# Is Set a finitely presentable object in Topoi?

The setting for this question is the (2,1) category Topoi.

• 0-cells in Topoi are Grothendieck topoi.
• 1-cells are geometric morphisms and have the direction of the right adjoint.
• 2-cells are invertible natural transformation (between the left adjoints).

Johnstone (and Lurie) proves that this 2-category has pseudo colimits that can be computed in Cat. To be precise, given a diagram in Topoi its colimit is the limit of the corresponding diagram in Cat associated to the inverse images.

Q. Does the representable functor $$\mathsf{pt}:= \text{Topoi(Set, )}$$ preserve directed colimits?

After some naive optimism, I have the feeling that the answer is no, but I suspect that it might be known.

• A candidate counterexample would be a topos $$\mathcal{E}$$ whose subtopoi lattice is not infinitary distributive, in fact a point is an atom in this coHeyting algebra.
• Another idea is to build a topos with with some points as a directed colimit of topoi without points, but I am not sure that this is possible at all.
• If a counterexample exist, I expect that it's possible to exhibit a localic counterexample.
• Is your functor $\mathrm{pt}$ valued in sets or in categories (which I feel is the most natural choice)? – Denis Nardin Feb 4 at 10:35
• It takes value in categories! Thanks for the question! – Ivan Di Liberti Feb 4 at 10:39
• I believe I can see that $Set$ is $\kappa$-presentable in the category of locally $\kappa$-presentable topoi, but I don't think it's any more presentable than that. However, I don't have a counterexample... – Tim Campion Feb 4 at 14:52

If $$\mathcal{C}$$ is a small category with finite limits then geometric morphisms from $${\rm Set}$$ to the presheaf topos $${\rm PSh}(\mathcal{C})$$ are in bijection with left exact functors $$\mathcal{C} \to {\rm Set}$$, or, equivalently, with objects in the pro-category $${\rm Pro}({\cal C})$$. More explicitly, if $${\bf X} = \{X_i\}_{i \in {\cal I}}$$ is a pro-object in $${\cal C}$$ then the corresponding point $${\bf X}^*:{\rm PSh}(\mathcal{C}) \to {\rm Set}$$ sends a presheaf $$F :\mathcal{C}^{\rm op} \to {\rm Set}$$ to $${\rm colim}_{i \in {\cal I}} F(X_i)$$. If $${\cal C}_1,{\cal C}_2$$ are two categories with finite limits and $$f: {\cal C}_1 \to {\cal C}_2$$ is a functor (which does not necessarily preserve finite limits) then we have a geometric morphism $$f_*: {\rm PSh}(\mathcal{C}_1) \leftrightarrows {\rm PSh}(\mathcal{C}_2): f^*$$ given by restriction and right Kan extension. We can then check that the functor on points $${\rm Pro}({\cal C}_1) \to {\rm Pro}({\cal C}_2)$$ induced by $$f_*$$ sends $$\{X_i\}_{i \in {\cal I}}$$ to $$\{f(X_i)\}_{i \in {\cal I}}$$.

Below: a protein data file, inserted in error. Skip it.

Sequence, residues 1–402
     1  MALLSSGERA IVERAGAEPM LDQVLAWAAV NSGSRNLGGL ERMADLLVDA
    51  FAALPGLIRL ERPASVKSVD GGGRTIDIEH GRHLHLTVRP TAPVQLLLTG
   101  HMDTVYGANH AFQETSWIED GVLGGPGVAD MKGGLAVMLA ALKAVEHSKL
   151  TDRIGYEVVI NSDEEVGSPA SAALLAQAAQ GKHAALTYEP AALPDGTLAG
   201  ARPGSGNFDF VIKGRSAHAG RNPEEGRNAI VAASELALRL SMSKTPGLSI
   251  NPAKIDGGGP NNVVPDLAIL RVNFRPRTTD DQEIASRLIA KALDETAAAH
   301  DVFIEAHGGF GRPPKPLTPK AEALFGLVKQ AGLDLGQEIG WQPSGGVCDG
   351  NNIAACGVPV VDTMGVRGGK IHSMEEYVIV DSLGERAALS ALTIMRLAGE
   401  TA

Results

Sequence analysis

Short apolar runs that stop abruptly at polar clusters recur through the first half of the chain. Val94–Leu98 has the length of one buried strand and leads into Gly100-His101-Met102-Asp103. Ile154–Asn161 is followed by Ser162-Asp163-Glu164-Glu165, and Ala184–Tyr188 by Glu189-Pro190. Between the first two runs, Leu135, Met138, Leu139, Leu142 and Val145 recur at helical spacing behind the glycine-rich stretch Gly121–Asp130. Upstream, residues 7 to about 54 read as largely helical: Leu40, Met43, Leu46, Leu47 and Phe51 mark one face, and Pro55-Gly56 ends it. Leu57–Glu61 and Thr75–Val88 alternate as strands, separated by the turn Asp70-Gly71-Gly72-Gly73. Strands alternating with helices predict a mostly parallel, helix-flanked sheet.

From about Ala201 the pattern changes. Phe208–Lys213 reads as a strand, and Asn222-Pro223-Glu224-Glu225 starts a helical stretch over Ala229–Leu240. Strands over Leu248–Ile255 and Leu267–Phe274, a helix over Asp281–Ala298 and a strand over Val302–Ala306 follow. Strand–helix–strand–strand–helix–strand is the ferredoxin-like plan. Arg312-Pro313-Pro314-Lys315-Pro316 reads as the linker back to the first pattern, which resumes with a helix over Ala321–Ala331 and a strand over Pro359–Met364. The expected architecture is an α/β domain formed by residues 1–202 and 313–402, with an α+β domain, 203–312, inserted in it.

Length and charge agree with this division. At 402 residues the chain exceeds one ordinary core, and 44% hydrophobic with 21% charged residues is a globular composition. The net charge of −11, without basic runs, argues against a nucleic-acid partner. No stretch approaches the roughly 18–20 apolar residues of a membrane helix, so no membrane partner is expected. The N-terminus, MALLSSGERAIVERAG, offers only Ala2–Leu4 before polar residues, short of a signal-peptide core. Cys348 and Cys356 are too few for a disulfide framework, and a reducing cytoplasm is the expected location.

If we now take a sequence $${\cal C_1} \to {\cal C_2} \to ... \to {\cal C_n} \to ... \to$$ of categories with finite limits (where the functors $${\cal C_i} \to {\cal C_{i+1}}$$ are not assumed to preserve finite limits) then $${\rm colim}^{\rm Topoi}_i {\rm PSh}({\cal C}_i) \simeq {\rm lim}^{\rm Cat}_i {\rm PSh}({\cal C}_i) \simeq {\rm PSh}({\rm colim}_i{\cal C_i}),$$ but in general the map $${\rm colim}_i{\rm Pro}({\cal C_i}) \to {\rm Pro}({\rm colim}_i{\cal C_i})$$ is not an equivalence. For example, it is often not essentially surjective: take $${\cal C_n} = [n]$$ with each consecutive map $$[n] \to [n+1]$$ being the inclusion as $$[n] \cong \{1,...,n+1\} \subseteq [n+1]$$ (these categories have finite limits because they are posets in which every finite subset has a minimal element).
• Thanks for your answer! I completely believe it, because I dot expect the Ind-completion to be an accessible KZ-doctrine over Cat, but is there an evident argument that proves $\text{colim} \text{Pro}([n]) \not \cong \text{Pro}([\omega])$? – Ivan Di Liberti Feb 7 at 10:01
• @IvanDiLiberti, Note that for every $n$ we have ${\rm Pro}([n]) \simeq [n]$, but there is a non-constant object in ${\rm Pro}([\omega])$, namely, the inverse system given by the identity diagram $\omega \to \omega$ (and which corresponds to the terminal left exact functor sending everything to the point). – Yonatan Harpaz Feb 7 at 10:52